The new user case occurs when a new user enrols in the system and the recommender is required to offer recommendations for a set length of time without depending on the user’s previous interactions, as none have been recorded yet.
This issue is especially important when the recommender is part of the service provided to users, because a user who receives poor-quality recommendations may opt to left the system before giving enough interaction to allow the recommender to understand his or her interests.
When dealing with new users, the primary technique is to ask them to offer certain preferences in order to create an initial user profile. You may have seen such interaction on Netflix.
Many solutions to minimize the cold-start problem have been created due to a large number of recommender algorithms available, as well as system type and features. The basic strategy is to use hybrid recommenders to offset the drawbacks of one category or model by combining them with another.
All three types of cold-start problems we have discussed so far have a lack of user engagements in common, and there are some similarities in the techniques available to solve them. Let’s see them one by one;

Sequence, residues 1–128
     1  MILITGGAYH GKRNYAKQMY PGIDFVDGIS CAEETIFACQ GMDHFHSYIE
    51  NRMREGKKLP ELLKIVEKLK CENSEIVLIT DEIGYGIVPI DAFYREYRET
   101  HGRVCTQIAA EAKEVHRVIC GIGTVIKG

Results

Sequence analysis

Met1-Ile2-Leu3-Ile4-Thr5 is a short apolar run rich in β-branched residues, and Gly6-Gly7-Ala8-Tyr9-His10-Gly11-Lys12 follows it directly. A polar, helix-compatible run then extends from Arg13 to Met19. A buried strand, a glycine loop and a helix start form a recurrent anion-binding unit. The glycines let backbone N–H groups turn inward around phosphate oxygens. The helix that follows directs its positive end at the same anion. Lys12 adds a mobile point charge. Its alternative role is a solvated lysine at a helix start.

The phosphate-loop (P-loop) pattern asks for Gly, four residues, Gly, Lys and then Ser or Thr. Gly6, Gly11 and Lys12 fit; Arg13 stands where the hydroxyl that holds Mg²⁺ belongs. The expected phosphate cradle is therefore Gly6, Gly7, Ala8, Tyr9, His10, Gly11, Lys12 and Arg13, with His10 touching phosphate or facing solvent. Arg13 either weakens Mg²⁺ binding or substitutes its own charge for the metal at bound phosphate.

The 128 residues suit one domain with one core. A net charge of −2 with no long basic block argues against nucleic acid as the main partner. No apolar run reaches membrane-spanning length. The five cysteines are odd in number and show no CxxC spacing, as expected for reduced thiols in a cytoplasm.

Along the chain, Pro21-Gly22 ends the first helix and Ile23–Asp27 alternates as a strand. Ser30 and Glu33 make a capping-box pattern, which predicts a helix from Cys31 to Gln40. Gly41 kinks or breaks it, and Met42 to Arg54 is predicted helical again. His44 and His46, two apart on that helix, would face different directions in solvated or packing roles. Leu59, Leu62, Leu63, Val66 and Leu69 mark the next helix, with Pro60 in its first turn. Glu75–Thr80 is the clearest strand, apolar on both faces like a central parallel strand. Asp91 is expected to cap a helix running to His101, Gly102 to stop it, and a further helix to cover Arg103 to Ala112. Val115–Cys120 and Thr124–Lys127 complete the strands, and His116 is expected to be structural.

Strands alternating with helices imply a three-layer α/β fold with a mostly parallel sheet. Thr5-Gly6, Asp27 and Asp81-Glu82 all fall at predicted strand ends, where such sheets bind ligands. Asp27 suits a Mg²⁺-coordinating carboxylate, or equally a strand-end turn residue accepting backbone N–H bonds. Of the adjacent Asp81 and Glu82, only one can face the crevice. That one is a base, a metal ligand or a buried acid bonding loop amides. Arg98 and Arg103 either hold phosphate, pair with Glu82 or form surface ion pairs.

If we lack sufficient knowledge of users and objects, we can rely on those who represent the set of items and users. That is the underlying idea of representative-based approaches. Representatives can be users whose linear combinations of preferences closely resemble those of other users.
When a new user joins the site, we may ask them to rate a few contents, and then use that information to deduce the ratings of other products. In this manner, we can enhance suggestions for new users by charging consumers a modest fee to rate select goods.
The matrix factorization technique may be used to solve feature mapping. The basic concept is that a matrix factorization model depicts user-item interactions as the product of two rectangular matrices whose content is learnt using known interactions via machine learning. Each user will be assigned a row in the first matrix, and each item will be assigned a column in the second matrix; this set is called a latent factor. Latent factors are rows or columns that are linked with a certain individual or object.
When a new item is added, there are no related latent factors, and the lack of interactions prevents them from being learned, as was done with previous things. If each item is linked with certain attributes (for example, author, year, publication, actors), an embedding function may be defined that, given the item features, estimates the corresponding item latent factors. The embedding function may be built in a variety of ways, and it is trained using data from warm things that are already accessible. By the feature mapping, we can have a reasonable recommendation